May Focus: Karma I’ve always been a firm believer in the saying “What goes around comes around” and that life is a continuous flow of energy that we send out and receive back. To put it simply, I believe in sort of Karma; not in a religious sense but in the context of our actions toward others affect our own lives. Those of you who have seen the movie “Pay it Forward” may understand the concept I am referring to.

Living in Dubai where “excess” seem to be part of our everyday lives, we sometimes miss out on opportunities to cultivate good karma. We at Inspire would like to dedicate the month of May as a reminder that we can always incorporate personal awareness and small acts of kindness in our everyday lives to encourage an environment of “Good Karma”.

What is Karma?

Karma comes from the Sanskrit language which literally translates to “action”. The Law of Karma as Deepak states in his book, The Seven Spiritual Laws of Success, is:

“Every action generates a force of energy that returns to us in like kind…. And when we choose actions that bring happiness and success to others, the fruit of our karma is happiness and success.”

How Yoga can help us manage our Karma

Think of karma as patterns or habits in our body-mind, in our nervous system, in our thinking and emotions, and in the actions we perform every day. Our thoughts, emotions, and desires have a way of repeating themselves, and these form karmic patterns.

We inherit some of these patterns at birth, and some we create over the course of our lives. A karmic pattern can be a strength or a weakness. We can find it difficult (perhaps impossible) or easy to change.

As yogis, we need to develop awareness of our patterns. We can do this through meditation and self-study (the niyama of Patanjali called swadhyaya).

Once we identify our patterns, we apply yogic techniques that allow us to act on our patterns to respond to them, changing those that we can and accepting those we cannot. Acceptance of weakness is a great strength. It is an outcome of authentic meditation, arising from the cultivation of self-knowledge and self-love.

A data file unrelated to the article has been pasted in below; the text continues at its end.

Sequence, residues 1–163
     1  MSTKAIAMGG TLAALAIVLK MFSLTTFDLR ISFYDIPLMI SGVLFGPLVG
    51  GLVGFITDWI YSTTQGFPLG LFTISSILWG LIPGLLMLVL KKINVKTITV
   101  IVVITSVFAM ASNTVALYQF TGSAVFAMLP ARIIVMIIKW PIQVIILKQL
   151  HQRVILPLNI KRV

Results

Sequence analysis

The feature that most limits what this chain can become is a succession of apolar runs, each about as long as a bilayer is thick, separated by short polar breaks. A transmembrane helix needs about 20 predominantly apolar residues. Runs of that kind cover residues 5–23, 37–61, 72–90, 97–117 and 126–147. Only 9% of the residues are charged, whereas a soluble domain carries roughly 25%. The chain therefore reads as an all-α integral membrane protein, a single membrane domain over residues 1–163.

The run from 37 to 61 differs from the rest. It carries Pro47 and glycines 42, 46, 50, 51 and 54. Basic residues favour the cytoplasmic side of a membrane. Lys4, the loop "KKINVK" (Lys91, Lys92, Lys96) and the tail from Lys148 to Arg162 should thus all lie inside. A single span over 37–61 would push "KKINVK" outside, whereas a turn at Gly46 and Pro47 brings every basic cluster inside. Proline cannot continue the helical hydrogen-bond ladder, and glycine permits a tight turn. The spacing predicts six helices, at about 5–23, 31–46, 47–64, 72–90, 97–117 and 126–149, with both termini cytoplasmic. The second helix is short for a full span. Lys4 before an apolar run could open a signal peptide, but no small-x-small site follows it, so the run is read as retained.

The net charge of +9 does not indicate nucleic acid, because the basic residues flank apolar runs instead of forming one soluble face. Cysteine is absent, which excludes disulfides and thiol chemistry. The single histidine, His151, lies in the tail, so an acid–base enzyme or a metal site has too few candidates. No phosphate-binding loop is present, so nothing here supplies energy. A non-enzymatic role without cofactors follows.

When we know our weakness, we can apply the next yogic tool: sankalpa, or resolve. Sankalpa is a short, positive, and sincere statement of intent that expresses what we want to achieve. It is best to work on just one or two things at a time until we achieve our goal. A sankalpa focuses our energy and prevents distraction and confusion.

Having made a sankalpa, we begin to use other yogic tools. For example, we may have a digestive problem, perhaps as a result of worry or anxiety. This health pattern undermines our energy, so we are motivated to work on it. We may apply asana to reduce the symptoms of pain and discomfort. This helps to manage the problem, though it may not remove the root cause.

We may then choose to address the cause of the problem. We may change our eating habits and other lifestyle factors, and we may engage in more powerful healing yoga methods such as Pranayama, or breath work. Thus the old patterns may fade over time as we modify them with the new pattern we are consciously creating.

Karma at Inspire

As a studio we are opening our doors to Karma Yoga. All proceeds from these classes will go to charity.

Karma yoga is selfless service, or service to others without expectation of any outcome. Teachers who will be teaching these classes do so as a service to the community. Students who will be attending will have an opportunity to increase their awareness on how certain charity/foundations work to alleviate people’s suffering and conditions here in the UAE. Donations towards these charities are encouraged and welcome after class. This is also an opportunity for those who cannot afford to pay for regular yoga class to attend their practice at no monetary cost but perhaps encourage them to be of service to others.

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